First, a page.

7 Tips to Gain the Most Value from a Conference
Conferences. They’re great. But sometimes they happen in a such flurry, before you know it you’re home and three months have passed. You haven’t made progress or taken action on the awesomeness you learned. That can make it feel like a wasted trip.
Let’s talk about how we can gain value from the conferences we attend!
Three dear friends (Merritt, Michaela, and Trina) and I are meeting up (for the first time in person) at an conference in Nashville this November. During our bi-monthly Mastermind video calls we’ve been pondering how we’ll approach the event and acquire growth and meaning from it. All our brainstorming led me to create an organized, 37 page note taking printable for us. I’d would love to share it with you if you’re attending Christy Wright’s Business Boutique Event.
It has dedicated space for noting key take aways from each speaker and action steps you want to take after you arrive home. The printable is included below, along with 7 tips to help you gain value from this, or any conference.
1) Set your intentions.
What are you hoping to gain from attending? What would you like to learn? What connections would you like to foster? Think on it and write it down. Set meaningful intentions for yourself before you attend. This peaks your awareness when the event takes place.
I can’t wait to meet my Mastermind ladies and brainstorm all-things-business with them. There has been talk of popcorn and a dance party.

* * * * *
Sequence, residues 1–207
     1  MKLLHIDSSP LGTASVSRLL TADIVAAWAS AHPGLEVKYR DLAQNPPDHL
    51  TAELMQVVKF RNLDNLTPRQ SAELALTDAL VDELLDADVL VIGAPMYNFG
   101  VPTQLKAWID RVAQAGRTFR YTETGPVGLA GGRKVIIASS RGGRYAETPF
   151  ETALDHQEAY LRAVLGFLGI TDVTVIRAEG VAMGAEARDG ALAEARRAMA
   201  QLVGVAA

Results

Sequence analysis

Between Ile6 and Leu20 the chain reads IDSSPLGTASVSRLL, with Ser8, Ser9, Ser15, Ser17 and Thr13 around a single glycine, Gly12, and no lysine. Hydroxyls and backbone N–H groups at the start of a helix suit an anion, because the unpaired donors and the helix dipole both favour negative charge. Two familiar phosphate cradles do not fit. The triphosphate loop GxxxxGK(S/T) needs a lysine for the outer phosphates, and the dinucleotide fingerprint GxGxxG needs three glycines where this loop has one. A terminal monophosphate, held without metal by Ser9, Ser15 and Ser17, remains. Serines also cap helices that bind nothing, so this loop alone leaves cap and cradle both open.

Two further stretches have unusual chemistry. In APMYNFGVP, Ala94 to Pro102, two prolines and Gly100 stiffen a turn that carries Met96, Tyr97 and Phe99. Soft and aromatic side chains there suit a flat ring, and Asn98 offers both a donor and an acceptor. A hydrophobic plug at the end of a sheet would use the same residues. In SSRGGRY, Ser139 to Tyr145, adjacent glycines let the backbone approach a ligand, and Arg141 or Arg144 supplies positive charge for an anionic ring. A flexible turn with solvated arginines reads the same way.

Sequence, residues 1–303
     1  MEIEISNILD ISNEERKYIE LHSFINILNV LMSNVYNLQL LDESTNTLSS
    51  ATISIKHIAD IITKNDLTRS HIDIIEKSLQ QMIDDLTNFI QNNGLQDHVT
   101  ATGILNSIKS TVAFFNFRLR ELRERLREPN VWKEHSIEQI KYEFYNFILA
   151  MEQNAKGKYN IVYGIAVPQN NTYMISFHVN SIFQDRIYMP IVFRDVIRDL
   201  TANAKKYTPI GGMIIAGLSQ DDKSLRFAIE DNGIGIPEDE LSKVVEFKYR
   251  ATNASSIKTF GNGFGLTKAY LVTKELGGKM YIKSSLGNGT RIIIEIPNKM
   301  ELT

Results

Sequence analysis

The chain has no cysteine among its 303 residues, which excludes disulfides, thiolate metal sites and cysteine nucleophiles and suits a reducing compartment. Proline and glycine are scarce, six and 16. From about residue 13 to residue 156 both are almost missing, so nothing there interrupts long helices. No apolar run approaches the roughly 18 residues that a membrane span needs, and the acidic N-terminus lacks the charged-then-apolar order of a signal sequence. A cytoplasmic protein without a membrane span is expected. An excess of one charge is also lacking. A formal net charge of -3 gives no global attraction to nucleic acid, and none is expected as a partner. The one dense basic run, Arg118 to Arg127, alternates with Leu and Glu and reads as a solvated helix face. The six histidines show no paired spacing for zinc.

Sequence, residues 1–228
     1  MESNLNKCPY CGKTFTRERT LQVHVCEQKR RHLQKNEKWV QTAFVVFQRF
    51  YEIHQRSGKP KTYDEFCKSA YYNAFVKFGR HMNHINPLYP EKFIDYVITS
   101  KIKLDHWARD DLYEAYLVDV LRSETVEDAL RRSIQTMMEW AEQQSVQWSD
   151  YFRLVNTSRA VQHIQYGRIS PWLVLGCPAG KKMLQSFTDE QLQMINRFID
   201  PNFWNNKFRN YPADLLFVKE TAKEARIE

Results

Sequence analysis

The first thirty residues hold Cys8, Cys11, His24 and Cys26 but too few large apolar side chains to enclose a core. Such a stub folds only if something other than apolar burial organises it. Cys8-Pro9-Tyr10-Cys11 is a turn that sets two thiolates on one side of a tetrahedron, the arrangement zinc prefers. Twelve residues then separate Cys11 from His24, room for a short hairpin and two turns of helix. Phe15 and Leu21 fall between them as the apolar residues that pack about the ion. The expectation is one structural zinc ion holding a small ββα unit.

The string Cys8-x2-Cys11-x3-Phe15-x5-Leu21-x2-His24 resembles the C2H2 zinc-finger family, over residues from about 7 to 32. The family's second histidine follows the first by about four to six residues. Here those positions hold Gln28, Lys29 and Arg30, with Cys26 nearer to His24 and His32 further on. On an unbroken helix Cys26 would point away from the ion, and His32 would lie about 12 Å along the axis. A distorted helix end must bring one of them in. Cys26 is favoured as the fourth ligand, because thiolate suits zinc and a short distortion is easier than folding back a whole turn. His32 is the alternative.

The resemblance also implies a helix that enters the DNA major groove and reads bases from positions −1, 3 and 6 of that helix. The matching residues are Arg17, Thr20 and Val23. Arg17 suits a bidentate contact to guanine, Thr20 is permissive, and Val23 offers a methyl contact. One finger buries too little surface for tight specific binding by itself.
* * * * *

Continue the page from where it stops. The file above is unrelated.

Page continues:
I’m looking forward to hearing Donald Miller’s talk on How the Power of Story can Grow Your Business. I’ve long been an avid reader of his books – from Blue Like Jazz to Scary Close. Excited to hear Jeremy Cowart speak on Creating a Life Masterpiece, too. His recent, successful Kickstarter campaign for the Purpose Hotel is incredible.
2) Polish up your online presence.
If you have an online presence make sure your bios are the same (or similar) across the board. Use consistent pictures. Check your branding — do you represent yourself similarly on Twitter, Facebook, Instagram, your website or other social media that you use? Are you telling the same story, visually and with words, in each area? What about your email signature? This will help show who you are and what you do in a unified way for anyone who might connect with you online after the event.
3) Do your footwork.
If the conference you’re attending is out of town, or in a part of town you’re unfamiliar with, doing a bit of prep-work before you attend can help things run smoothly. Instead of using valuable time during the event figuring out where you’d like to eat, what you’d like to see and experience while there, do a little research before hand.
Come with a list of options you can easily pick from. This will help you spend less time making a decision about what’s next. It leaves more time for connecting with other attendees, speakers, and soaking up a new environment.
4) Pack early.
If you have the tendency to procrastinate, make a list of what you’ll need to attend. If the conference is out of town, pack a day or two early so you’re not up late the night before trying to pull suitcase together. If the event is in town, why not pack a purse or laptop bag with essentials the night before?
This will save you from stressing out over the details.
5) Come Prepared.
(Free Printable for Christy Wright’s Business Boutique Event)
For most conferences I’d bring a half-full journal and scrawl pages of notes while listening to the speakers. Sometimes I’d miss important opening remarks while trying to write down the presenter’s name and title of their talks. Things had a tendency to become disorganized and upon arriving home I’d have a wealth of new information with no way to process or take action on what I’d learned.